In 1989-91 architect Frank Gehry designed a line of fanciful bentwood chairs. Knoll, one of America’s preeminent furniture brands, manufactured and marketed them. I bought one (the Cross Check). After ten years most of my chair’s glue joints failed. But not because of use; the chair was rarely used. I contacted Knoll and was told the five-year warranty had lapsed. I was offered repair instructions. Later I learned of other people having the same problem with the same chair. Through persistent letter writing I finally found a Knoll V.P. who, after thoughtful discussions, agreed to repair my chair at the company’s expense. On the way to this outcome, some curious questions arose:
How long should a $3,600 chair—the Cross Check’s 2012 retail price—last?
Is the Cross Check’s disappointing structural integrity the result of poor design, manufacturing deficiencies, or both?
Why hasn’t Knoll addressed these problems in the intervening 20 years?
Knoll’s current C.E.O. is also a director of the Chinati Foundation, a contemporary art museum based on the ideas of minimalist artist Donald Judd (1928–94). Judd made both art and furniture. But art and furniture occupy separate, unbridgeable, ontological realms he insisted. According to Judd, art can be manifested in almost any manner or form. Furniture, on the other hand, must principally address utilitarian concerns. In Judd’s words, “the idea of a chair isn’t a chair.”*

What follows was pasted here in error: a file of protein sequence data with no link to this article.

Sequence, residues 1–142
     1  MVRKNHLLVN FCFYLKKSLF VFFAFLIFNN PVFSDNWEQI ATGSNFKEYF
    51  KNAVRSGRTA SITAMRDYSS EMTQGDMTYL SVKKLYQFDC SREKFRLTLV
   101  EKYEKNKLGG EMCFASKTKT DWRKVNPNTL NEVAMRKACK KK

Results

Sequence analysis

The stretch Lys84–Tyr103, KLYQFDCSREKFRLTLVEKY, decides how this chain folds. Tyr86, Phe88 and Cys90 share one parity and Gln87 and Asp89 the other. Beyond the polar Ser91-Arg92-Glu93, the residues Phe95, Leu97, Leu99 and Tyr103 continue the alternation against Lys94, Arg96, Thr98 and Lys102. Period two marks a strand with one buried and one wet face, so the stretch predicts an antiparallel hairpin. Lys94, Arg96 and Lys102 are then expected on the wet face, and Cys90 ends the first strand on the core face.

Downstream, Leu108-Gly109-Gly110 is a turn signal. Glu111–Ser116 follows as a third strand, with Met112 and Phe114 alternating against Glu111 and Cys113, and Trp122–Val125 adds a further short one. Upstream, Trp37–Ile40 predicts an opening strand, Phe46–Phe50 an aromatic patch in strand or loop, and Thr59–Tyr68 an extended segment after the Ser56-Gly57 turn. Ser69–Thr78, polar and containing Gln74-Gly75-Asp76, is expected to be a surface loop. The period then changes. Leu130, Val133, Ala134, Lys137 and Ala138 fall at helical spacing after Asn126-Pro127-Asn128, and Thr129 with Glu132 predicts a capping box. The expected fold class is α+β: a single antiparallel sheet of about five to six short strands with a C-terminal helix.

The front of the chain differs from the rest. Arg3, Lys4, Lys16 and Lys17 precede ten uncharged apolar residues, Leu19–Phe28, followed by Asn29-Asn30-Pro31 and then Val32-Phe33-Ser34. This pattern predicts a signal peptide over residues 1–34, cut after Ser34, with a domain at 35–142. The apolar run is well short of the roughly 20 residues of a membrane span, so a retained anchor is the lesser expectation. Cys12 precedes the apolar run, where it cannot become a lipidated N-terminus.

Chairs, of course, do embody ideas. This is a big part of the Cross Check’s appeal; it’s chock-full of ideas. It has the lyricism and symbolic complexity of Gehry’s architecture, but in miniature. But a chair is first and foremost a piece of furniture for sitting. If this primary function is compromised because the chair falls apart, is it a bad chair?
Should Knoll market the Cross Check as “an artwork”?
Would this render the preceding issues moot?
*Some chairs do seem to function primarily as ideas. Both Gerrit Rietveld’s Zig Zag and Shiro Kuramata’s Miss Blanche fall into this category. I considered both as possible alternatives when mulling over my Cross Check purchase. I concluded that I really wanted a chair in the Judd-described sense—a useful piece of furniture—not merely a beautiful idea.